Friday, 29 April 2016


The Sword of Justice, by Leif G. W. Persson

The absolute antithesis to the usual burnt-out but noble detective in thriller fiction returns, much to every Swedish Noir readers’ delight:  Detective Superintendent Evert Bäckström rears his head again, corpulent, crafty and amoral as ever – and just as successful, mainly because he is so expert at ‘making a bit on the side’ (what else is a man to do to supplement the basic wage?), and manipulating every system to his advantage.
He is still not popular (see 2014 review below) with those lesser beings, his colleagues;  they know that every time he says – nearly every day – that he has to attend an important meeting at Headquarters in Stockholm he is really skyving off;  filling his fat little frame with expensive food and drink, then going home to sleep the sleep of the just and/or avail himself of obliging female company, thanks to his growing reputation as Sweden’s premier crime fighter.  His colleagues will never take kindly to all the orders and legwork he dispenses, particularly when his own dubious habits and chronic laziness are well known:  yep, they’d love to see him fall flat on his smug face, preferably in something nasty and foul-smelling, but will it ever happen?
Not immediately, for Our Hero has received wonderful news:  Thomas Eriksson, Sweden’s most crooked defence lawyer has been found murdered at his home, along with his huge Rotweiler.  The police are hardly at a loss to name suspects;  there are so many who want Eriksson dead that it will take considerable time to cross them off their list of ‘people of interest to the investigation’ – which (naturally) Bäckström is heading:  as far as he is concerned, someone has done Sweden an enormous favour ridding it of such vermin – he is glad Eriksson is dead;  still, it is up to him (and his grumbling, mumbling team) to wield The Sword of Justice and apprehend the killer.
Mr Persson is a master of characterisation – he has created an anti-hero absolutely unforgettable;  portly, gluttonous, an unashamed leaker of info to the newspapers (for a hefty consideration) as the investigation continues, but a sharp little man intelligent and shrewd enough to figure out every angle of what is fast becoming a crime involving art fraud, the Swedish Mafia and – last but not least – a trail that could lead to (surely not!) – the Swedish monarchy.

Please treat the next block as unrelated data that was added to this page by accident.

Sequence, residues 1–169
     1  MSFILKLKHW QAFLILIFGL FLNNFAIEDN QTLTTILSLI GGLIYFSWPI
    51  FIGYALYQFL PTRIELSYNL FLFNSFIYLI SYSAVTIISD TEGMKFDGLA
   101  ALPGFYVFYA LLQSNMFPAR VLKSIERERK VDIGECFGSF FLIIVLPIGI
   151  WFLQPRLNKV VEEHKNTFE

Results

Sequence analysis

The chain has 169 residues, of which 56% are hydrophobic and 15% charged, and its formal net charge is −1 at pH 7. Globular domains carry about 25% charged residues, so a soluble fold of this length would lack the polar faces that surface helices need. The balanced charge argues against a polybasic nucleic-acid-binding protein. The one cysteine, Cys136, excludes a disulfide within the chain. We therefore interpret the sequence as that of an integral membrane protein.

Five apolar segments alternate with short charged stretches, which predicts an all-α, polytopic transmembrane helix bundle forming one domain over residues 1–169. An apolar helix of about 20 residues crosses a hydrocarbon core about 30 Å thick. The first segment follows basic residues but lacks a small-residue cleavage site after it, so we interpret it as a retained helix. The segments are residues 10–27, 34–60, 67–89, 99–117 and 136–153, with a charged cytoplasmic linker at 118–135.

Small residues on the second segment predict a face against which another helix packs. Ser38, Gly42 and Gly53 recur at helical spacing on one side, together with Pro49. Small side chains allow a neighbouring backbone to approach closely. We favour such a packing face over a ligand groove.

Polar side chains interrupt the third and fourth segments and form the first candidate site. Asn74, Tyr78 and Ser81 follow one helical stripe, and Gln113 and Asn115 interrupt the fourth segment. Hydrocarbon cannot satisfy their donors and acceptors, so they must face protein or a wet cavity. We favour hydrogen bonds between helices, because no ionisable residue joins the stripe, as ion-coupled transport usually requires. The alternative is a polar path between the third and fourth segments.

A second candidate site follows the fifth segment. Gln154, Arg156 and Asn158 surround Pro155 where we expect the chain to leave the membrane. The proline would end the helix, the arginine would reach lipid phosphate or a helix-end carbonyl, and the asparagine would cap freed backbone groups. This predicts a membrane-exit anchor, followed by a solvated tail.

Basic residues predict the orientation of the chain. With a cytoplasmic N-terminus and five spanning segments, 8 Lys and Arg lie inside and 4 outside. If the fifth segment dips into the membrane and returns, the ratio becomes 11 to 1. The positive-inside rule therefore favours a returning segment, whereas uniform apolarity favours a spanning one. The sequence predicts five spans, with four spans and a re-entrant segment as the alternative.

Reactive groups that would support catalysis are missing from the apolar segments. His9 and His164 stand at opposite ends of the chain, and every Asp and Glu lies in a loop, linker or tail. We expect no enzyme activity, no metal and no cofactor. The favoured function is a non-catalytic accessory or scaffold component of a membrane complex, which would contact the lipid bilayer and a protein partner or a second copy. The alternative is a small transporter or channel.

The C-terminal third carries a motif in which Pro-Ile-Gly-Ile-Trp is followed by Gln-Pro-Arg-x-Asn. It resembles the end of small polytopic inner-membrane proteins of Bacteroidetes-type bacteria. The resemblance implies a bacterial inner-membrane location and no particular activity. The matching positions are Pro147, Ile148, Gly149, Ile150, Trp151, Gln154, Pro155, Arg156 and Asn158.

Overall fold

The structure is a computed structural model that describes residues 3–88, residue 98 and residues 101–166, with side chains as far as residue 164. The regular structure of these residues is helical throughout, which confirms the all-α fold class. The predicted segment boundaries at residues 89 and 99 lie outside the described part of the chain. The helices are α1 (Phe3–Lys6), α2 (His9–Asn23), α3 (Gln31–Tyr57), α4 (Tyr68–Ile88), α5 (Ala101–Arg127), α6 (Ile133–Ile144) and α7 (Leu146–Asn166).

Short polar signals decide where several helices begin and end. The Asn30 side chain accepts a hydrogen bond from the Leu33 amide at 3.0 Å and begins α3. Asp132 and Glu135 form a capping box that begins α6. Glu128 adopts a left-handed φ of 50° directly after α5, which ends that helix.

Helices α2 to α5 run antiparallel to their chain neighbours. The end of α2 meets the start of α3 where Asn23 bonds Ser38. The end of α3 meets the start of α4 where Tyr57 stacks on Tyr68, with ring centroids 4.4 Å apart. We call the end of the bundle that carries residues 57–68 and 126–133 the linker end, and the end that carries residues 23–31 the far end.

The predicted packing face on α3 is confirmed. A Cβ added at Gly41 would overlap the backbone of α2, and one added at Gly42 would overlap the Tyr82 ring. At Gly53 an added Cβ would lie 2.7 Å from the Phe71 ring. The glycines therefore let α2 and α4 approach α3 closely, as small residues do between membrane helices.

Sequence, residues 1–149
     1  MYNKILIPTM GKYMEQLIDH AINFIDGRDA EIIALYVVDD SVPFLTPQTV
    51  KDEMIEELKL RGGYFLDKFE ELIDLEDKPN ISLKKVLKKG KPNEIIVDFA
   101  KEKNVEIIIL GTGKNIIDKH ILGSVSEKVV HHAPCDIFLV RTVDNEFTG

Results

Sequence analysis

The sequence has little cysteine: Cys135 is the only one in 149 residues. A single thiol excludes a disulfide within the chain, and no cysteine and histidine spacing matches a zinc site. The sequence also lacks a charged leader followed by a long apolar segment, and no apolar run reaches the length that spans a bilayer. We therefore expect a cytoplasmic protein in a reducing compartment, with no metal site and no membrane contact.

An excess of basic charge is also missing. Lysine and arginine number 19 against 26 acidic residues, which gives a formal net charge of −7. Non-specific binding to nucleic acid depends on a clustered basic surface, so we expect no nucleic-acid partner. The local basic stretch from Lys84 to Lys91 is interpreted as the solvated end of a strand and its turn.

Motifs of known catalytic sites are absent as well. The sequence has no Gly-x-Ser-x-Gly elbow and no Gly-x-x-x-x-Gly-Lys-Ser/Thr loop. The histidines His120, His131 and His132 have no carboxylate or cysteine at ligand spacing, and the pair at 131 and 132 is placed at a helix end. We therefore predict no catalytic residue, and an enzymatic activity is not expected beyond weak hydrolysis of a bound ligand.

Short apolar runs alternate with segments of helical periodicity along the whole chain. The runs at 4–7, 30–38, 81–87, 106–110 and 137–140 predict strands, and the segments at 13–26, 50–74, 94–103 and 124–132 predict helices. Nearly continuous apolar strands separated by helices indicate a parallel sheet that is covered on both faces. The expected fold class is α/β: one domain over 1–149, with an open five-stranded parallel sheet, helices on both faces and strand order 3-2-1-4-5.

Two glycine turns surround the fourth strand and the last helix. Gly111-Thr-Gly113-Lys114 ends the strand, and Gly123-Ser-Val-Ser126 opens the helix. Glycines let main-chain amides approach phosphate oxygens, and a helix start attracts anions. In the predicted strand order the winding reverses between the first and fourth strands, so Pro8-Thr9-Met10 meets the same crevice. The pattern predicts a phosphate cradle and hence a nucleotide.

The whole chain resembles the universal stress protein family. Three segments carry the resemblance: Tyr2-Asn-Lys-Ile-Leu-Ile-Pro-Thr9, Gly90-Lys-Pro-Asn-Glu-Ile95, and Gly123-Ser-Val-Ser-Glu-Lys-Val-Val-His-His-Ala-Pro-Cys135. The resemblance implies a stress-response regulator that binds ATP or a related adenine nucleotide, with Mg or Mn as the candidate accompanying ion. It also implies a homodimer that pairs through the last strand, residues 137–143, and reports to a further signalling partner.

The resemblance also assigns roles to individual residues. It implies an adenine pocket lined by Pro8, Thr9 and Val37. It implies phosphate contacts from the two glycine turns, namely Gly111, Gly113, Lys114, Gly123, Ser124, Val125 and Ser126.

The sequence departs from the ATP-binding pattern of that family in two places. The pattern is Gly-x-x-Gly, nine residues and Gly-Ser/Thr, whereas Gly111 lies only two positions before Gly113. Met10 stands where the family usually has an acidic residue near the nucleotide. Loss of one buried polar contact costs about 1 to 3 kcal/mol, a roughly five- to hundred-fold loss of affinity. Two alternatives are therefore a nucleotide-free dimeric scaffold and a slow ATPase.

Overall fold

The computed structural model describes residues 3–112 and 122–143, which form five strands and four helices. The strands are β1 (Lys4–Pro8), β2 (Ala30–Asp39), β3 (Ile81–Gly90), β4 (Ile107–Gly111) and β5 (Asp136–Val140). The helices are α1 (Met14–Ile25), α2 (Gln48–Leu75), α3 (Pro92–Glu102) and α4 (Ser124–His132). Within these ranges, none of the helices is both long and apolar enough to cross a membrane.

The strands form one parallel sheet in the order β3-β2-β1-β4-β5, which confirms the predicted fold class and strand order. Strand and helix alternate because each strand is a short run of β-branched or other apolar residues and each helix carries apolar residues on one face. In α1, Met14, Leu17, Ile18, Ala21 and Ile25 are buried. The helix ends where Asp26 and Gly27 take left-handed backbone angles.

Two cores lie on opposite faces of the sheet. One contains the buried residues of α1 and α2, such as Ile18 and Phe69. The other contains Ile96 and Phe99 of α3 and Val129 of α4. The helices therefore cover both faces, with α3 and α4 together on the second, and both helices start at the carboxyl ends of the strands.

And let us not forget Bäckström’s regrettable impulse buy:  Isak the parrot, on his best behaviour in the Pet Shop, only to turn into the Parrot from Hell when his new owner brought him home.  Isak plays a minor but important role in proceedings, becoming in his own little way as memorable as his owner, who trusts and prays that he will not meet the same fate. 
Leif Persson has produced yet another winner:  he effortlessly patrols Jo Nesbo country – with dark satire and delicious humour.  SIX STARS!

He Who Kills the Dragon, by Leif G. W. Persson

Detective Superintendent Evert Bäckström, surely the most outrageous policeman in Swedish thriller fiction, returns to shock and infuriate his long-suffering colleagues – not to mention the reader – in Mr Persson’s latest offering.
Bäckström has had some narrow escapes since ‘Linda – As in the Linda Murder’ which have nothing to do with apprehending murderers;  rather, the long arm of the law has reached out to grab him (him, shining example of all that is noble and honourable in the Force.  The nerve of them!) and it has taken all his resourcefulness to fend off charges of bribery, corruption – you name it – thrown at him, the result being not dismissal, as so many of his colleagues hoped, but exile for a year or two following up traffic violations - for Bäckström has an influential relative in the Police Association, so there!  He is not incorruptible (as everyone already knows), just immovable.
When the story opens, Our Hero through various circumstances has been recalled to his usual duties, investigating the murder of an elderly pensioner in a block of flats in suburban Stockholm.  He should be delighted to be back on the job, delegating with his usual superb flair all the work so that he ends up doing very little;  instead, he is in the depths of despair after a compulsory visit to the Police Doctor who prescribes immediate weight-loss,  lots of daily exercise and NO ALCOHOL – or else.